I love love love that the ketchup container in that picture has a mustard top. I’m referring to it as “gender confused.” Because ketchup and mustard are the genders of condiments? Not a solid theory, but whatever. (Maybe they’re more like religions. Like he was raised Ketchup, but his mom is a Mustard.)
(I think Ketchup might be my religion.) (Anyway…)
A week or two ago, Mr. Tea and I Snack Trekked over to Carney’s, because they bill their hot dogs & hamburgers as “probably the best… in the world.” (Right away, the “probably” raises some suspicion– they’re dubious about their own assessment.) As the daughter of New Yorkers, I take these kinds of claims seriously. (And I do not abide by boiled hot dogs. You must grill.)
Just to set up the ambiance, Carney’s is located in what appears to be an old train car, but on the inside feels like eating in a deserted NYC subway car that happens to have tables and chairs instead of subway seats. Very, uh… pedestrian. No pun intended. (Sorta.) (And why didn’t Subway use this gimmick?!)
I didn’t really do my homework at Carney’s. I didn’t take time to notice whether the hot dogs were boiled or not, or even whether they were kosher beef. (I couldn’t really draw any conclusions based on taste.) I got the New Yorker (sauerkraut & mustard), and added relish (and ketchup… we’re getting there).
Guess what? They were not the best. They were probably better than Pink’s (but honestly… what isn’t?) But probably not better than the Boar’s Head hot dogs that my family broils (that’s BROILS, not BOILS) in the oven. (I think we buy the skinless and/or “lite” ones.)
And something smelled really weird about my Carney’s hot dog. I think it was the sauerkraut. I usually love sauerkraut (and we just buy good ol’ Claussen’s from the grocery store– nothing fancy). So that was kind of disappointing. (I added ketchup partly to counter the funk.)
I took a picture of my be-ketchup’d hot dog because I knew that it would incense my mother.
For pretty much my entire life (but seemingly more often lately), she has INSISTED that ketchup has no place on a hot dog, and that ketchup on hot dogs is just something the kids are doing because we don’t know how to do anything. (Which may also be true, but hey.)
She has insisted that this must be a generational thing, a regional thing (she’s from NY/NJ, I’m from Southern California), a taste thing, etc. And I’m just like, whatever. I like ketchup. It’s the universal condiment.
I felt a little (maybe a lot) vindicated when I was watching the penultimate episode of “Top Chef All-Stars” last week, and Richard Blais got the hot dog challenge as his Quickfire. He specifically made a special ketchup to go with his hot dog creation, stating, “We all associate ketchup with hot dogs.”
Ya hear that, Mom? BURN! (Because one reality show contestant said it, it must be true. Solid logic.)
But then I was listening to Off-Ramp on KPCC, and they had a segment where Eat-LA talked about the best hot dogs in Los Angeles (click the link and you can listen to the whole thing). When they reminisced about Ball Park Franks, one of the guys said that for an authentic experience, you have to eat the frank with mustard only. They didn’t carry ketchup on the carts, he said, “for whatever reason.”
So I hit the Google to try to figure out what that “whatever reason” might be. And I found that my mom is definitely not alone is this no-ketchup-on-hot-dogs business. The Straight Dope claims that ketchup smothers the flavor– but then again, they argue that mustard can do the same. Like my mom, Amazing Ribs says that it’s okay for kids to add ketchup, but not adults.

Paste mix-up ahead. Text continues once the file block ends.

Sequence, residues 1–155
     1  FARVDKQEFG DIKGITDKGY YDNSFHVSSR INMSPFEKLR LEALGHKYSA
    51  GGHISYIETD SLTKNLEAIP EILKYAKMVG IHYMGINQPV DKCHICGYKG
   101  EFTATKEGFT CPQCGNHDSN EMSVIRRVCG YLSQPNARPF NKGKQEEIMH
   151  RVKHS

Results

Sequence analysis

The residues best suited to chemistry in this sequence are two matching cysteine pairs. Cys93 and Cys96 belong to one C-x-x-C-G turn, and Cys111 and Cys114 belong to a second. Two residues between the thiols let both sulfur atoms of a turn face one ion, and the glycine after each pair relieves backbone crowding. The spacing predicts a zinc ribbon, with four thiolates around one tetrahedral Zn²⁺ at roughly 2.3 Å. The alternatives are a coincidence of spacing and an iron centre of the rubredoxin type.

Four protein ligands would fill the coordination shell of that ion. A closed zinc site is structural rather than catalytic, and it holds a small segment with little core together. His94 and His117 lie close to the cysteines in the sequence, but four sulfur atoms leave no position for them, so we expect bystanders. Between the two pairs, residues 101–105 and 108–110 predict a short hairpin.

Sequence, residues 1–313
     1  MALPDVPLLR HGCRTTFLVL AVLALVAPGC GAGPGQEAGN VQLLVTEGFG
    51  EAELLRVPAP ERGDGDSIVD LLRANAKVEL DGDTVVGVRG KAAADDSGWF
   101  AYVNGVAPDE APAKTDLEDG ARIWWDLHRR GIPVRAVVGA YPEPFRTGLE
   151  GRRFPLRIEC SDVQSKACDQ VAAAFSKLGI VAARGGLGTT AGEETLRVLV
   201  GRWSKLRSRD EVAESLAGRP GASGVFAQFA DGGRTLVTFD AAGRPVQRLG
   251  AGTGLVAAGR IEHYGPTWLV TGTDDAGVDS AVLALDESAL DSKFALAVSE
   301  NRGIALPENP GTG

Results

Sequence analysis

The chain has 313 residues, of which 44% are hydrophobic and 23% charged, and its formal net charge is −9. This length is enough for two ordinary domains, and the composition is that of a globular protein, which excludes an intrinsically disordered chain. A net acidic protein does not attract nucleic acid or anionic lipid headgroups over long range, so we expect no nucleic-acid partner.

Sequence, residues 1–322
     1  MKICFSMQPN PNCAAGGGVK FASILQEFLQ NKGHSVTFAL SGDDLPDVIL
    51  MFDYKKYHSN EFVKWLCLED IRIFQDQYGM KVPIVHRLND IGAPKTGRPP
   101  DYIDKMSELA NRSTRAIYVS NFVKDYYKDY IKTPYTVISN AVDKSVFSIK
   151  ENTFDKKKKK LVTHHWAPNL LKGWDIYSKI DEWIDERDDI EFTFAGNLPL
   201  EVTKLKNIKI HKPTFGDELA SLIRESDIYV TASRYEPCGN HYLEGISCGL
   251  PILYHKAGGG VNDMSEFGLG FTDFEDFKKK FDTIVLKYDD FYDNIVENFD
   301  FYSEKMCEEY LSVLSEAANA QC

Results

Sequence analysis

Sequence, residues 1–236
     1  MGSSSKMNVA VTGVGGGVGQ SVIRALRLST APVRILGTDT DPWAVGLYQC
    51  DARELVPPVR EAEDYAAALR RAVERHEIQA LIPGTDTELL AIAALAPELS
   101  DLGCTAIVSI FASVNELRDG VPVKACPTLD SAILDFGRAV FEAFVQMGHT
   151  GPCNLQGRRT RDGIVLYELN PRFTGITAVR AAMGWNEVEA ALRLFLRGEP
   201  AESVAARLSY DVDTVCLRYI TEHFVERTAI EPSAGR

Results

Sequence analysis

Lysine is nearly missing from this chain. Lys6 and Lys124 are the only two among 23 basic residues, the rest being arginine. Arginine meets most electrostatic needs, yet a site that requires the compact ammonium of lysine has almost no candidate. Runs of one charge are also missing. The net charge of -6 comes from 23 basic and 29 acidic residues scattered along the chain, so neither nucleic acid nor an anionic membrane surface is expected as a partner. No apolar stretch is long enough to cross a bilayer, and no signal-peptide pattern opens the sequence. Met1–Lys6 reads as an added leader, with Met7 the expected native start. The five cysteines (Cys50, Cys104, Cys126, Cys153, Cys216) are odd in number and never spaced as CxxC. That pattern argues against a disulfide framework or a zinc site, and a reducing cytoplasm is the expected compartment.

For the umpteenth time, I recommend Malcolm Gladwell’s amazing article about ketchup in America (“The Ketchup Conundrum”), and how Heinz is king. (I don’t think Carney’s ketchup is Heinz, btw. It’s a little off.) (And I’m not just saying that because it had a mustard cap.)
There definitely seems to be a Chicago/East Coast element to this argument, and that makes sense given their general food superiority (complex?). (I mean, I get where they’re coming from… California puts pineapple on pizza.) But so far I haven’t 100% cracked the mystery. The answer as to why vendors didn’t carry ketchup is probably something simple, like mustard doesn’t spoil as quickly. Or ketchup wasn’t as popular back then. Who knows.
Obviously, I’m team ketchup. Ketchup runs through my veins, and ketchup is OBVIOUSLY thicker than water. Thicker than blood, even. (Thick as thieves!)
Mr. Tea is also Team Ketchup (good man), and went so far as to threaten my mother to a (totally non-serious) duel for my (ketchup’s?) honor. Full-on dueling language was employed. Fisticuffs are up! Gloves are off!
That totally makes me think of this amazing Drunk History retelling of the Hamilton vs. Burr duel. (That’s a must watch. MUST.) (Very funny.)
But Mr. Tea’s also a big Clint Eastwood fan, so I’m a little bit worried about where he’ll stand after he sees this…
I think Dirty Harry just made my mom’s day. (Get it?)
Maybe it’s a generational thing, after all. Or maybe it’s just a cool factor? Like, it’s lame to add ketchup?
Well, if ketchup is wrong I don’t wanna be right!
What’s your take? Do you have any intel? (I’m looking at you, Thomas! Do your Wikipedia magic.) (Or everybody just go read that article, which does not discriminate against ketchup… Midwesterners prefer it!) (Er… great.)
(I’m also looking at you, Malcolm Gladwell! If you’re reading this…) (Probably not.) I think there must be a deeper and more specific historical reason that ketchup is so reviled in some hot dog traditions, but I hit the wall of lazy/should probably just post this already.
Until next time… (And let’s get excited not only about the “Top Chef All-Stars” finale but also about the premiere of “Top Chef Masters”!!!)